Punch, or the London Charivari, Vol. 103, October 29, 1892 by Various


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The Project Gutenberg eBook, Punch, or the London Charivari, Vol. 103,
October 29, 1892, by Various, Edited by F. C. Burnand


This eBook is for the use of anyone anywhere at no cost and with
almost no restrictions whatsoever. You may copy it, give it away or
re-use it under the terms of the Project Gutenberg License included
with this eBook or online at www.gutenberg.net





Title: Punch, or the London Charivari, Vol. 103, October 29, 1892


Author: Various

Release Date: April 12, 2005 [eBook #15605]

Language: English

Character set encoding: ISO-8859-1


***START OF THE PROJECT GUTENBERG EBOOK PUNCH, OR THE LONDON CHARIVARI,
VOL. 103, OCTOBER 29, 1892***


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PUNCH, OR THE LONDON CHARIVARI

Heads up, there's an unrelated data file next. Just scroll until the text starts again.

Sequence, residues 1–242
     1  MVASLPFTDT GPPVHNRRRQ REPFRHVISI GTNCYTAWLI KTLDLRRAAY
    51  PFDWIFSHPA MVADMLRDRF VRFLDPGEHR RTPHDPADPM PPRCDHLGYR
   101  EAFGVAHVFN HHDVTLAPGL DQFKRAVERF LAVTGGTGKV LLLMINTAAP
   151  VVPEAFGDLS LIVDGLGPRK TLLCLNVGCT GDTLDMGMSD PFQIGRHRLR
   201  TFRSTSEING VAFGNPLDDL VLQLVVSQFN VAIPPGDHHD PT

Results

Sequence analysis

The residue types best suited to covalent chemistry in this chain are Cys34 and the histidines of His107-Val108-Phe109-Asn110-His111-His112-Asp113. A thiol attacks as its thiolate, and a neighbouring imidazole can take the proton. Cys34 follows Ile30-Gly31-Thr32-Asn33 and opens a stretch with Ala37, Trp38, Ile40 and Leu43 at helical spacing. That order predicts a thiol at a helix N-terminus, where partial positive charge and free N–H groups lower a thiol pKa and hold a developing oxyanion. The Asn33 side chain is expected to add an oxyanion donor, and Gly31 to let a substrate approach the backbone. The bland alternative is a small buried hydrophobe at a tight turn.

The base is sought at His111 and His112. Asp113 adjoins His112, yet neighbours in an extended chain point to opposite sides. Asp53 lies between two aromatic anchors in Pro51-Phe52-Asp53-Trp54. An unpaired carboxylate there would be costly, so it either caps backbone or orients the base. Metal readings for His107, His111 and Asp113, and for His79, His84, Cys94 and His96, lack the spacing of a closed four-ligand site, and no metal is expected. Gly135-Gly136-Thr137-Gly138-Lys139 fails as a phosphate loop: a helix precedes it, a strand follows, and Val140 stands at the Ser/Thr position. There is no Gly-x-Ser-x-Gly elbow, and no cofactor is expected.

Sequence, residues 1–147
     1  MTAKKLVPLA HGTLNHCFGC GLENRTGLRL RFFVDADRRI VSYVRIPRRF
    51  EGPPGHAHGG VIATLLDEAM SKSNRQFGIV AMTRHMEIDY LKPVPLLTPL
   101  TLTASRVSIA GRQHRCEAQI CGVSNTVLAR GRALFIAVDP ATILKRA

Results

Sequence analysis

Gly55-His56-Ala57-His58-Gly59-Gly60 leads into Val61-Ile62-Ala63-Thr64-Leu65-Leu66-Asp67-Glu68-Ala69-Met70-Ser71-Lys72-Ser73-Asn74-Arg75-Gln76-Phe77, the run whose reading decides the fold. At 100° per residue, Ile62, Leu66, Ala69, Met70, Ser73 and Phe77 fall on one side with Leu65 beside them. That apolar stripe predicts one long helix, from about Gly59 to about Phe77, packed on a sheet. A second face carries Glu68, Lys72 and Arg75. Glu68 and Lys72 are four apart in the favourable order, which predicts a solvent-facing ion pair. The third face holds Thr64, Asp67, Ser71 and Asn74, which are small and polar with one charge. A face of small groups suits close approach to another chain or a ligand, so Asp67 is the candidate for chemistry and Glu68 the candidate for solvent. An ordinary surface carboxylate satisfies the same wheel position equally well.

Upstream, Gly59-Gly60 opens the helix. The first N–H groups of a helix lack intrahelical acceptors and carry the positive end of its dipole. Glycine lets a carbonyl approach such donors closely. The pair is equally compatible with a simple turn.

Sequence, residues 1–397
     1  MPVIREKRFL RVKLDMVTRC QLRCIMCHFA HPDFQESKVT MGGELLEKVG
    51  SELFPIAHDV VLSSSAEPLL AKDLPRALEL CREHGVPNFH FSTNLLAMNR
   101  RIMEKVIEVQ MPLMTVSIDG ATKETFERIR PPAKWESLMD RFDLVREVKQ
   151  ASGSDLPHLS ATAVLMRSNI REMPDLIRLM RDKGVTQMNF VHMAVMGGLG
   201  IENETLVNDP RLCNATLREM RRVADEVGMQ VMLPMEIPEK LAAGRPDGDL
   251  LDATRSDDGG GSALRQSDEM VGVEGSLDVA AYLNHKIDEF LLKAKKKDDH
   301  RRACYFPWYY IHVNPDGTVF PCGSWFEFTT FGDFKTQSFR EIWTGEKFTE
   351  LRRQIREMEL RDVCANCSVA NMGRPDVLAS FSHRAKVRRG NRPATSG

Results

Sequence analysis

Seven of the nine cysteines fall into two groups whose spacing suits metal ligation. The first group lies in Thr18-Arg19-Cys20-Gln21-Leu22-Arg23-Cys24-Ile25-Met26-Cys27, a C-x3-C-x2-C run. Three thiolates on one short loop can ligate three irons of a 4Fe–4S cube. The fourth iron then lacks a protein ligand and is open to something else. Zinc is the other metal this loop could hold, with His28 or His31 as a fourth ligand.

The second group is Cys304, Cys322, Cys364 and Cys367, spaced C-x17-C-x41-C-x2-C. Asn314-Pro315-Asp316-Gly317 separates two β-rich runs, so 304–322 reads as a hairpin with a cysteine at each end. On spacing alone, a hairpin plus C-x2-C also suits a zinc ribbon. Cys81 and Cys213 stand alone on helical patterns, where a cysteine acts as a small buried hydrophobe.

VOL. 103

OCTOBER 29, 1892







IMPRESSIONS OF "IL TROVATORE."

(_BY A MATTER-OF-FACT PHILISTINE AT COVENT GARDEN._)

ACT I. SCENE 2.--_Leonora's_ confidant evidently alive to the
responsibilities of her position. Watch her, for example, when her
Mistress is about to confide to her ear the dawn of her passion for
_Manrico_. She walks _Leonora_ gently down to the footlights, launches
her into her solo, like a boat, and stands aside on the left, a
little behind, with an air of apprehension, lest she should come to
grief over the next high note, and a hand in readiness to support her
elbow in case she should suddenly collapse. Then, feeling partially
reassured, she goes round to inspect her from the right, where she
remains until her superior has completed her confidences, and it is
time to lead her away. Operatic confidant sympathetic--but a more
modern heroine might find one "get on her nerves," perhaps. _Manrico_
a very robust type of Troubadour--but oughtn't a Troubadour to carry
about a guitar, or a lute, or something? If _Manrico_ has one, he
invariably leaves it outside. Probably doesn't see why, with so many
competent musicians in the orchestra, he should take the trouble of
playing his own accompaniments. And why does the Curtain invariably
come down as soon as swords are drawn? Tantalising to have all the
duels and fighting done during the _entr'actes._

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